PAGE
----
Smith, Andrew James and Pitt, Michael (2008) Preference for Plants in an Office Environment. In: CIB W70 Conference on Healthy and Creative Facilities, 16th - 18th June 2008, Heriot-Watt University, Edinburgh.
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Plants in the workplace are known to bring a number of benefits including psychological as well as aesthetic and air quality benefits. Therefore, plants can have an impact on overall organisational performance. However, findings of previous studies have rarely been applied in the FM context and yet strategic FM delivery in improving workplace productivity is essential for business survival.
The paper explores the importance of interior plants in maintaining the physical and psychological well-being of office occupants utilising a survey of participants’ perceptions of photographs of an office with various levels of planting installed from no plants up to very high levels of planting. The paper provides preliminary results of a longer programme of research into the benefits of plants within the FM context.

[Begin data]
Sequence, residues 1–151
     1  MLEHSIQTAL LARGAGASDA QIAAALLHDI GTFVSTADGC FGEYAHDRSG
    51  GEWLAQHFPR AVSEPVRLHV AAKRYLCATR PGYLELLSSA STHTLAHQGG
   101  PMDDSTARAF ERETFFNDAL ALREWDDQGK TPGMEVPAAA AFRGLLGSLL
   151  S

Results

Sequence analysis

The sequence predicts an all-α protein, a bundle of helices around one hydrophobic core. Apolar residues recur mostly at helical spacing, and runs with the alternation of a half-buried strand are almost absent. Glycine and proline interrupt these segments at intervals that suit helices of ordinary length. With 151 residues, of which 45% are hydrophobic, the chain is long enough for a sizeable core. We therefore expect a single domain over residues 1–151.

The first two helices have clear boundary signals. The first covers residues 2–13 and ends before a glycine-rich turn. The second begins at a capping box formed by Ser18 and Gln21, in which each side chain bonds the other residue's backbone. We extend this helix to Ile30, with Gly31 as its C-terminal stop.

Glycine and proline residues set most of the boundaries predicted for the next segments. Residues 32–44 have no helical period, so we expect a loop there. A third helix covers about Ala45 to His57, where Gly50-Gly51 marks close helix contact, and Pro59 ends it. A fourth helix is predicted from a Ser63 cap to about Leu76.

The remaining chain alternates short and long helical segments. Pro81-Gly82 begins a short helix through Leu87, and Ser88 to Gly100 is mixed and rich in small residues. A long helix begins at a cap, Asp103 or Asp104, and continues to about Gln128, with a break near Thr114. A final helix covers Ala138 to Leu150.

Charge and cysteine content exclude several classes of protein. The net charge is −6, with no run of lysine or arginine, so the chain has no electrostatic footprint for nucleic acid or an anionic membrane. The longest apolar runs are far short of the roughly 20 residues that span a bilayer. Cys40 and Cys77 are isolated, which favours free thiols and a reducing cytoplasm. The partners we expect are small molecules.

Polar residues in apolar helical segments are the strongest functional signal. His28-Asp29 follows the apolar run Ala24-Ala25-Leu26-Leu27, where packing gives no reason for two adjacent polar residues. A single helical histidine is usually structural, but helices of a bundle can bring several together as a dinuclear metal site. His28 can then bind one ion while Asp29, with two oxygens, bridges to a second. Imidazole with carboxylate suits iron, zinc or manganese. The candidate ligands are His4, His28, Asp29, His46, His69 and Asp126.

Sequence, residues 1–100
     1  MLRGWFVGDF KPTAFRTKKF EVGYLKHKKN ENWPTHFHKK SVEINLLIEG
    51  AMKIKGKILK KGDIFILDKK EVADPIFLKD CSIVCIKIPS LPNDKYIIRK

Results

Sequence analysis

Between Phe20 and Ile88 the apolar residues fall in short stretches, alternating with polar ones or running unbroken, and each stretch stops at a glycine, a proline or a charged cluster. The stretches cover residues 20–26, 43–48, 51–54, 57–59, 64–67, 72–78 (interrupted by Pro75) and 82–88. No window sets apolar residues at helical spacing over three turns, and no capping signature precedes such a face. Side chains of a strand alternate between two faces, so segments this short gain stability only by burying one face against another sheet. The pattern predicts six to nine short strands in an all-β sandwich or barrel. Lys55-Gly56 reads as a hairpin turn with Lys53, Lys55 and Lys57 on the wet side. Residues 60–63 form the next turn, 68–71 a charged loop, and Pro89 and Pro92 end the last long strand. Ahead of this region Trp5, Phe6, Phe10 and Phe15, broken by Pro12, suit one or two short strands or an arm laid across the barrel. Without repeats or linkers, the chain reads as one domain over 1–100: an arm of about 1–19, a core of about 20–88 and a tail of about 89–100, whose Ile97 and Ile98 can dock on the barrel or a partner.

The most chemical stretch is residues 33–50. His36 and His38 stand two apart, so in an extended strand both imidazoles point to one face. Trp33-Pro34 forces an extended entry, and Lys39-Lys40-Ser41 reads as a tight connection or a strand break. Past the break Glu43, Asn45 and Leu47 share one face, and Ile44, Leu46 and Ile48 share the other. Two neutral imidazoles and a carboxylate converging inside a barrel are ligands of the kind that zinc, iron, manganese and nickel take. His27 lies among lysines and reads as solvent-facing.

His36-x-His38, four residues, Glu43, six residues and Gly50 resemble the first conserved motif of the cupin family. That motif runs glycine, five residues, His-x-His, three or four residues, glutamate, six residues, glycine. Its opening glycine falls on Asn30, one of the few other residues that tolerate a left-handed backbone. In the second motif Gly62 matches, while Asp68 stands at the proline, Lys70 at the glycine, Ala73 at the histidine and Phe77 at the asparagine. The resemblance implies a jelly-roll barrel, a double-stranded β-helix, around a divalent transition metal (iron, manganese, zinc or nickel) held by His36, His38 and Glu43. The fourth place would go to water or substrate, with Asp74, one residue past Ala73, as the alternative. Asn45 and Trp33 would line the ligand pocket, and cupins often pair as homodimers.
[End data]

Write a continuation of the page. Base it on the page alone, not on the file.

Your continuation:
The work demonstrates that a reasonable level of interior planting in offices is preferred over offices with no plants. These perceived benefits may have a direct impact on overall organisational performance and therefore incorporating elements of nature within building design and management may in future be considered imperative to achieving the desired strategic outcomes of the organisation.
|Item Type:||Conference or Workshop Item (Paper)|
|Uncontrolled Keywords (separate with ;):||plants, survey, workplace psychology|
|Schools:||College of Science and Technology > School of Engineering|
|Deposited By:||Andrew James Smith|
|Deposited On:||15 Dec 2010 15:55|
|Last Modified:||17 May 2016 12:21|
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